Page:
Power station considers dumping sediment off Portishead coastline

Bristol Channel.

Bristol Channel. - Credit: Pixabay

A nuclear power station is considering a Portishead site to deposit hundreds of thousands of tonnes of sediment as part of works taking place in the Bristol Channel. 

EDF Energy Hinkley Point C Power Station is due to resume its second phase of mud dredging later this year and wants to deposit the sediment as part of works to install cooling water intakes under the channel. 

Hinkley Point C is currently making applications to the Marine Management Organisation to commence dredging at either the Portishead licensed disposal site or at Natural Resources Wales for the Cardiff Grounds equivalent.  

Mud dredging first began at the Cardiff Grounds in September 2018 and either the site in Portishead or Cardiff will be used for the entirety of the disposal.  

The maximum volume of mud and sediment dredging being applied for is 469,000 cubic metres (m3). 

One of the dredging vessels used in 2018.

One of the dredging vessels used in 2018. - Credit: EDF Energy

Head of environment at Hinkley Point C, Chris Fayers, said the sediment is typical of any found elsewhere in the Bristol Channel and under UK law it is not radioactive.  

He said: “We are due to resume mud dredging in 2021 as part of works to install cooling water intakes in the Bristol Channel.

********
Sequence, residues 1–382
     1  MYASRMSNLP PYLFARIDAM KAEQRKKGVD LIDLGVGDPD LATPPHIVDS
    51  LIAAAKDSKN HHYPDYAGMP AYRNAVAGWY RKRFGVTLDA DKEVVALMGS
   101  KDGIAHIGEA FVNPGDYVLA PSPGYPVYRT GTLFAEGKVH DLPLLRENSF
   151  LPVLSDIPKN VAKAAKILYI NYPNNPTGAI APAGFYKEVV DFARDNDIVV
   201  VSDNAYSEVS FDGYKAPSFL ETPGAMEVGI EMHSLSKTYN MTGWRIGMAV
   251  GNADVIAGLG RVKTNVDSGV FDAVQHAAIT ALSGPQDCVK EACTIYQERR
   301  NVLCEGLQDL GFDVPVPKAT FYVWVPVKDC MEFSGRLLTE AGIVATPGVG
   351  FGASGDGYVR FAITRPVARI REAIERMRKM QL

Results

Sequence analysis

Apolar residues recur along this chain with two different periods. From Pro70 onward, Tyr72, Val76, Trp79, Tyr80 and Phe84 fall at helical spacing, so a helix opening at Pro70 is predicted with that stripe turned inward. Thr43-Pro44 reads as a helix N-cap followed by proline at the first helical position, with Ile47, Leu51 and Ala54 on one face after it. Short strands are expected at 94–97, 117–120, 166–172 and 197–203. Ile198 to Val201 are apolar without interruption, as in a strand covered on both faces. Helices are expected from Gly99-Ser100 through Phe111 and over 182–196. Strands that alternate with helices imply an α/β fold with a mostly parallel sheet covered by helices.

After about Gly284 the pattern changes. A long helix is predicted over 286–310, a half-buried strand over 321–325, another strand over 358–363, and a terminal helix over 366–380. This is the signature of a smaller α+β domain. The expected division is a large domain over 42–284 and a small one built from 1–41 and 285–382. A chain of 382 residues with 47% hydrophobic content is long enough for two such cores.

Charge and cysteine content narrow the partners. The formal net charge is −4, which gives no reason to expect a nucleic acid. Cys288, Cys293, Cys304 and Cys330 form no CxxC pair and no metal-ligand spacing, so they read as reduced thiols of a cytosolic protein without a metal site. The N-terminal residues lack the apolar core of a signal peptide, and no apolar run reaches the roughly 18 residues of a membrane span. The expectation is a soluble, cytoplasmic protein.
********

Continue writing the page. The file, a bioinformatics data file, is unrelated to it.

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“The mud is no different from mud elsewhere in the area and comprehensive testing has shown that it poses no harm to people or the environment."

EDF says it has tested the mud ‘beyond internationally recognised best practice’, including tests for pure alpha-emitting particles and tritium - a rare and radioactive isotope of hydrogen. 

Applications will also include a full environmental impact assessment and the results and analysis of the company’s latest testing of the sediment. 

One of the dredging vessels used in 2018.

One of the dredging vessels used in 2018. - Credit: EDF Energy

EDF says the Bristol Channel has ‘very low levels’ of radioactivity identified in the sediment which are ‘predominantly naturally occurring’. 

However, marine pollution consultant Tim Deere-Jones says radioactivity attached to sediments suspended in the water column will ‘tend to’ deposit out in areas of fine sediment deposition along sheltered coastlines and in coastal and estuarine intertidal areas such as mudflats. 

The closest coastline is approximately 150m south of the Portishead disposal site and an EDF spokesman said sediment will move around the area as well as wash back in the with the tide. 

Portishead Town Council chairman, Paul Gardner, said EDF gave a presentation about the organisation's seabed sediment disposal at a town council meeting on January 20. 

He added: “The council feels it is important for EDF to keep the town informed about their plans and thank them for their co-operation thus far.” 

If the Portishead disposal site is chosen, dredging will only start if Hinkley Point C’s application is approved by the Marine Management Organisation.

It is due to make a decision after a compulsory six-week public consultation on the plans.

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